Upgrade to Pro — share decks privately, control downloads, hide ads and more …

Improving the Volunteer Experience: Applying User Research Principles to Volunteer Management

Improving the Volunteer Experience: Applying User Research Principles to Volunteer Management


Jenn Downs

June 21, 2017

More Decks by Jenn Downs

Other Decks in Technology


  1. Improving the Volunteer Experience: Applying User Research and UX Principles

    to Volunteer Management
  2. 2 Who am I? Welcome to the first workshop of

    your morning on using UX Principles to create a better volunteer experience. I am Jenn Downs, I’m the Director of User Experience Design at Points of Light. I joined our newly formed in house digital products team in November of 2016. I also co-organize my local Ladies that UX Chapter, I’m a mentor for Code for America, and before I was at Points of Light I spent most of my tech career at MailChimp and other startups in Atlanta. I’m living for civic tech right now. 
 Most recently I worked on a redesign of our volunteer posting and searching hub at allforgood.org for which there is a workshop and panel discussion at 1:30 today if you want to learn more about the new site and the future of all for good.
  3. 3 What is UX? What the heck is UX? Everything

    we use has a user experience. The way someone interacts with a site, or a product, the way it makes them feel. My job as a UX professional is to make that experience a good one. When people say UX or UX design, that is generally the abbreviation for the field of user experience design. Don’t over think that part of it. Keep it simple - it’s a field of study that encompasses design and research about that design. As the Director of UX for Points of Light I do everything from conducting research to understand our user’s needs, motivations, and behaviors to usability testing to make sure our websites work to visual design and digital and program strategy. There are so many bits and pieces to what a UX person does, but what it boils down to is I try to make everything we produce and design meet the combination of the users needs mixed with Points of Light’s needs and our partners.
  4. 4 The Volunteer Experience How we can apply that to

    what you do is creating better experiences for your volunteers That may be through improvements to your website if you have that capability or access. Or maybe we can apply it to improvements to your volunteer posts, or registration - basically any interaction your volunteer has with your organization. I’ve seen the term Volunteer Experience pop up a lot since I started with POL, so I think you’re heading in a good place through empathy, curiosity, and a desire to make your volunteer’s experience amazing. So I want to give you some UX basic tools to get started making your volunteer’s experience even better.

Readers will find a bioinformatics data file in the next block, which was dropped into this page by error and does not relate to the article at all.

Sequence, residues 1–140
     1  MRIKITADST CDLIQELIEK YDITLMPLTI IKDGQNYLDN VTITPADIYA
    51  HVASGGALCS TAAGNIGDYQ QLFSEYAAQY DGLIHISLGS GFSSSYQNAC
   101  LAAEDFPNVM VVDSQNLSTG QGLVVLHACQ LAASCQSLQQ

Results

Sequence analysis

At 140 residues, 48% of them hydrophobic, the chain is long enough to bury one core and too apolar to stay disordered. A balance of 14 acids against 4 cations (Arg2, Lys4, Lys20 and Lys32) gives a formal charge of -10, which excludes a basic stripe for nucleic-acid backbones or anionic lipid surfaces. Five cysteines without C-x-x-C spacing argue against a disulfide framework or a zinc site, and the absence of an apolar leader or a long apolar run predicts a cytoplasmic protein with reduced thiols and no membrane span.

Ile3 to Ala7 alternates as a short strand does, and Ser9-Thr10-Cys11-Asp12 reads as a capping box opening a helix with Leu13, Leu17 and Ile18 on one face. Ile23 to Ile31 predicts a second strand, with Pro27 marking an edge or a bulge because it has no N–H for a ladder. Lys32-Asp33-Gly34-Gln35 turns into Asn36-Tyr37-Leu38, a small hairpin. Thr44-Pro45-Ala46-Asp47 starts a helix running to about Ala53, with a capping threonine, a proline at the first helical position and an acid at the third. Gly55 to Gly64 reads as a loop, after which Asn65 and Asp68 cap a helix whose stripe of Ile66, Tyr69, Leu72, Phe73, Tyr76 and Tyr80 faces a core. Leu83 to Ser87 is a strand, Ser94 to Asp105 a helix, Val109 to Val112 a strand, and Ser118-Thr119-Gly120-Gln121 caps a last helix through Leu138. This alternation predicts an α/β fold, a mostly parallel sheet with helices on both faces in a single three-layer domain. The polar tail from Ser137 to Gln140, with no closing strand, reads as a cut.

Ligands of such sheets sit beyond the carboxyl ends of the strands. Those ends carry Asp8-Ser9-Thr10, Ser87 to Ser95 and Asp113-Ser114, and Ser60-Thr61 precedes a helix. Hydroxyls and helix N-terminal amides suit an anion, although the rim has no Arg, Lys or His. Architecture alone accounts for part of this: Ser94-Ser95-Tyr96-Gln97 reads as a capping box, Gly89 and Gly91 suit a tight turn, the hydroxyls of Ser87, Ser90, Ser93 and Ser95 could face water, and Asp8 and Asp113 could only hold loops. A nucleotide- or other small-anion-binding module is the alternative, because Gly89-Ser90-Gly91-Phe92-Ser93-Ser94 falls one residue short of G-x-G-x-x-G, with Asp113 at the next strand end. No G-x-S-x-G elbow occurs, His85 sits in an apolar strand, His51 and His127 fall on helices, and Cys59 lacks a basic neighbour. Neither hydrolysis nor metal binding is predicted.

5. 5 UX Rule #1
 You Are Not Your User (Volunteer).

    Now stay with me. I know this is a little different for us. We volunteer, we’ve probably volunteered for the organization we’re organizing for before we were the organizer. But in the end, my needs as a researcher and a designer are different from my volunteer’s needs. Your needs, motivations, and behaviors as a volunteer coordinator are different from your volunteer’s motivations and behaviors. 
 We definitely know a thing or two about creating a good volunteer experience, just like I know some great design tricks and principles if I need to design something in a pinch. But to provide a really excellent experience, we can’t just rely on what we think we know. For instance, I was doing some research with one of our teams who insisted that their users didn’t want to track individual’s volunteer hours. They’d been working with them for years, they had a handle on it. But when I started interviewing their users, every single user brought up hours tracking and how they needed it, but thought maybe they were the only ones who needed hours tracking because we at POL didn’t provide it, so it must not be that important. Totally a yikes moment there. Maybe years ago they didn’t, but as people use more and more tech tools to accomplish volunteer managing tasks, things are changing.
  6. 6 UX Rule #2
 Talk to Your Users (Volunteers) Since

    you are not your user - you must talk to your users. Some people are doing this already through surveys, regular conversations, talking to volunteer leaders and that is great! 
 Some people aren’t, and need to be!
  7. 7 UX Rule #2
 Talk to Your Users (Volunteers):